Berlin: What kind of drugs were you abusing? Just cocaine?

Van Damme: That's it. That's what I did. But everything is a drug in life, when you think about it. Coffee, cigarettes, love, shopping, making movies, oxygen, training. Training is my biggest drug. Not these days but before. I was compensating for my manic-depressive disease with training. When I didn't train for a couple of days, I felt so low and nothing could make me happy. I'm telling you, you don't realize how crazy I was mentally without that salt. That simple salt! If someone has a drug habit in Hollywood, do people look the other way as long as they're showing up for work? If the guy makes money, what he's doing to himself is his own problem. Hollywood will forgive you, but that's not too important for a guy exposed to drugs. What he has to do is make peace with himself and forget about the box office. For the studio, it's the money. But for you, it's your self-esteem. It's two different answers. For me, everything is fine now. Everything is beautiful. Happiness is the cure, being happy with yourself.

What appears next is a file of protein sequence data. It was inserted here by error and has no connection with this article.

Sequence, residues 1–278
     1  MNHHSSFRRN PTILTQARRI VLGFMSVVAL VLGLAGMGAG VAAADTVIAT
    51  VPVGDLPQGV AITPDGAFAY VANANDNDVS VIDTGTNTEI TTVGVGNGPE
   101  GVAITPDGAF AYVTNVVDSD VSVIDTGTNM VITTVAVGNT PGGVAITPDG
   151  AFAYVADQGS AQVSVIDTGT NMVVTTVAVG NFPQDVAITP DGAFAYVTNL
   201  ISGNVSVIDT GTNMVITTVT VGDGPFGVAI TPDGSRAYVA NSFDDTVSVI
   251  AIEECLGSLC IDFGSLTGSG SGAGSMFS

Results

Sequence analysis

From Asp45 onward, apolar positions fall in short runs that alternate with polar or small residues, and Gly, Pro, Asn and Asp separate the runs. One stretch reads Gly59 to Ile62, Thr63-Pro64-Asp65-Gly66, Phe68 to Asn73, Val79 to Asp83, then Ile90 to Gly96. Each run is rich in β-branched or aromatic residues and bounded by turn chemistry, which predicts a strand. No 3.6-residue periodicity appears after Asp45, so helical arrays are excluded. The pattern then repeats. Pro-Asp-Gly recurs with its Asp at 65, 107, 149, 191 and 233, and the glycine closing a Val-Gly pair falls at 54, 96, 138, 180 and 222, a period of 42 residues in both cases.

Berlin: After all the years of action films, how is your body holding up?

Van Damme: Okay, still okay. But everything has a price. The body's getting used. I'm 38. What you have to do is keep on training. You have to go to the gym, like, every day so you don't get rusted. I read some article years ago about Sly [Stallone] saying with the age it becomes more difficult to go to the gym. It's mental and physical. It's not that easy. But I was lazy for two years, so this is a good film for me. Knock Off came when I started to come back. I just finished two movies since Knock Off. They're in the can right now. Tell us about them. One is like a foreign legion-type movie in the 1930s. It's like a Beau Geste in Morocco. It's like The French Patient, not the English one. And I just finished a film with [director] John Avildsen, a very crazy movie called Inferno. I play a crazy guy who wants to kill himself. He's an alcoholic and don't care about life too much. It's a very different type of movie. No makeup, no beauty, long beard. Crazy comedy. It's like a Pulp Fiction in the west. It will be a very surprising movie for the Industry. Your movies have grossed hundreds of millions of dollars around the world?

Berlin: Do you get respect in the film business?

Van Damme: It's the wrong time to answer, because Inferno and the foreign legion movie are so different. You'll be surprised when you see them. I don't know what to tell you. I look like that strong, macho, kick-ass action star, which I portray in those movies, but I can do something else.

Berlin: You sound really humbled.

Van Damme: Maybe you're right. Maybe it's good, you know? Because what I really am in life is just another guy, you know? When you go through life, you start to realize that.